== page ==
Appellants stress the fact that Amanda intended to create the right of survivorship. It is true that the leading and distinctive characteristic of an estate in joint tenancy, the right of survivorship, In re Gerling's Estate, Mo.Sup., 303 S.W.2d 915, is present in this case. The evidence shows that Amanda intended that this instrument be issued in form payable to Amanda or Alice or the survivor; that the bank was instructed by Amanda's agent to issue it in this form, and equity should consider as done that which ought to have been done. We further believe from the evidence that Amanda had donative intent; that she intended to make a gift to Alice. But this is not the alpha and omega of the matter. The decisive factor, fatal to appellants' contentions, is that the evidence conclusively shows that there was no completed gift; that the gift was not to take effect in praesenti, but only at the death of *322 Amanda. Amanda intended to retain the beneficial interest in the funds represented by the certificates of deposit during her lifetime and intended that Alice take only upon Amanda's death. A gift to take effect not during the donor's lifetime but at the donor's death is testamentary in character, Wahl v. Wahl, 357 Mo. 89, 206 S.W.2d 334; Trautz v. Lemp, 329 Mo. 580, 46 S.W.2d 135, creates no present interest, and cannot form the basis of a joint tenancy. There must be an intention on the part of the depositor to give the other named person a joint interest during his life. There was no intent on Amanda's part to give a present interest. That it was Amanda's intention that the gift take effect at her death is established by Amanda's declarations to Mr. Meyer that during her lifetime she was to have absolute ownership and control over the investments he made for her; that he was to invest her money "with provisions for payment at her death"; that she was to receive the income from it during her lifetime; and the lack of evidence that Alice had any knowledge of the existence of the certificate, or that Amanda intended to surrender or share control and ownership of the funds represented by the certificate with Alice during Amanda's lifetime. Appellants cite cases for the proposition that the reservation by the donor to himself during his lifetime of the earnings thereof will not invalidate a gift. In the cited cases the evidence clearly showed the making of a completed giftthe vesting of an immediate title in the donee; an element missing here. The issuance of Exhibit 8 under these facts did not create a joint tenancy with right of survivorship, or entitle Alice to the proceeds of this certificate on the theory of a gift.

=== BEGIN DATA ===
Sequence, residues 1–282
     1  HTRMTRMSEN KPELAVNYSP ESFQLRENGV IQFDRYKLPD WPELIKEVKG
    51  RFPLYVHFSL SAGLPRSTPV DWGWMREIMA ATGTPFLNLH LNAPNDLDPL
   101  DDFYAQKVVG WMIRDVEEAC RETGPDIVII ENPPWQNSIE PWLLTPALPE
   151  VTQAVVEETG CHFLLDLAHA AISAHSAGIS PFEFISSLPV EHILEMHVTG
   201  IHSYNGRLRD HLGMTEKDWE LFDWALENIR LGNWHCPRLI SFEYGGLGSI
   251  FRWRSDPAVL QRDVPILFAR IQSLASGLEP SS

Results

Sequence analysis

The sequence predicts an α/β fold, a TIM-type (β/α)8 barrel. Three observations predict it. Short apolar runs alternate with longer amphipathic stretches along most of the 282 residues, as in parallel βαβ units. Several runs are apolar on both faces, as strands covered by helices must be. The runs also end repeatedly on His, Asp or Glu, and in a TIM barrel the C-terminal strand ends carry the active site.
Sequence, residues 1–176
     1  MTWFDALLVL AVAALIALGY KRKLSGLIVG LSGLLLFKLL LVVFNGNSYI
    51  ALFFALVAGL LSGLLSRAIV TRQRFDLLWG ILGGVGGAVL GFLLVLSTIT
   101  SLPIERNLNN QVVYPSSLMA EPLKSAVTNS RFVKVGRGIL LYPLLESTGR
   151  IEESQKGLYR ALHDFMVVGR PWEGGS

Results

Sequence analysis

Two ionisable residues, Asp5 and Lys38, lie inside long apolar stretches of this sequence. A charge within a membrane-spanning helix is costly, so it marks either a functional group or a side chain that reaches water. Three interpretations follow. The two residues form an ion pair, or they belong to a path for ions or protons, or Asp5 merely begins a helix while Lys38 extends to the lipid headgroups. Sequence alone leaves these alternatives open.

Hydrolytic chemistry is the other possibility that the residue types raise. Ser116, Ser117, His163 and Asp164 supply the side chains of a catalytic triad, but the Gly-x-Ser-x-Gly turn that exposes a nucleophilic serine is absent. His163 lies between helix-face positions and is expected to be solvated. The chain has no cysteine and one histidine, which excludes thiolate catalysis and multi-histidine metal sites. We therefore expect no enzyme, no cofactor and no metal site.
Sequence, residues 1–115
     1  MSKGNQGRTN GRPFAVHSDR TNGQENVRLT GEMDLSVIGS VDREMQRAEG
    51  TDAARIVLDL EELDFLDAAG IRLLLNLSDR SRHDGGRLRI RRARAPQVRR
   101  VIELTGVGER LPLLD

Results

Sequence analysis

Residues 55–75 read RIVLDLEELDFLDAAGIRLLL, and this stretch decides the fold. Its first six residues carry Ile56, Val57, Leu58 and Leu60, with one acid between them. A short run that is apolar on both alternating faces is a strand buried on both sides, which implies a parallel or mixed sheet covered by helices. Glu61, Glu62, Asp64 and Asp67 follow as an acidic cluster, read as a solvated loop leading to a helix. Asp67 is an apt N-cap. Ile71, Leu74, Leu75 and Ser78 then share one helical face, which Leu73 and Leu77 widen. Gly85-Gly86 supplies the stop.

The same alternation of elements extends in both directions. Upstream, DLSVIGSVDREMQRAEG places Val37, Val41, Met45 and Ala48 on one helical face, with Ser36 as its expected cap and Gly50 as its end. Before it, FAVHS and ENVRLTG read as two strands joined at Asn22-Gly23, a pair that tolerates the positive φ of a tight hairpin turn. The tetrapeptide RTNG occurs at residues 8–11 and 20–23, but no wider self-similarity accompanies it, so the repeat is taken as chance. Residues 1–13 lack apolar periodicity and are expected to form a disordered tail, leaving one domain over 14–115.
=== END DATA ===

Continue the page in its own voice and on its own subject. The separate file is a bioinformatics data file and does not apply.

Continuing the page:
Next, we consider Exhibits 3 and 4, issued by the building and loan association, one of them payable to Amanda or Drucilla or survivor, the other payable to Amanda or Alice or survivor. Appellants contend that certificates issued in this form comply with § 369.150, V.A.M.S.; that this creates a joint tenancy; that § 369.150 does not merely raise a rebuttable presumption but specifies the estate created, is binding upon the parties, and that evidence of intention is neither necessary nor proper; that the rights of the persons named in the certificate are fixed by the statute, "and that's it." We disagree. A building and loan certificate which complies with § 369.150 gives rise to a presumption of joint tenancy but, as in the case of joint bank deposits under § 362.470, the presumption is rebuttable by evidence of a contrary intention, which may be gathered from the surrounding circumstances. In re Patterson's Estate, Mo.Sup., 348 S.W.2d 6; Weber v. Jones, 240 Mo.App. 914, 222 S.W.2d 957. In addition to the general considerations stated above in connection with the National Bank of Boonville certificate, which pertain with equal force to the building and loan certificates, further evidence of Amanda's intention not to create a joint tenancy by way of an unconditional gift is to be found in her specific instructions with reference to the building and loan association that as long as she lived she was to have "complete control" over the deposits made therein and that she would expect to receive all of the income therefrom. In creating a joint account, which as we have seen is a present donation of a partial interest in the form of a right to withdraw and the right of survivorship, In re Patterson's Estate, supra, 348 S.W. 2d, l. c. 10, the donor does not surrender all control, in view of the joint nature of the rights of the parties; but there must be a surrender of a measure of control; there must be a sharing of control, perhaps best expressed as a joint control of the account vested equally in the donor and donee. Goldston v. Randolph, 293 Mass. 253, 199 N.E. 896. There is nothing in this case to show that appellants had any right whatever to exercise or share in the exercise of any control over the investment certificates during Amanda's lifetime.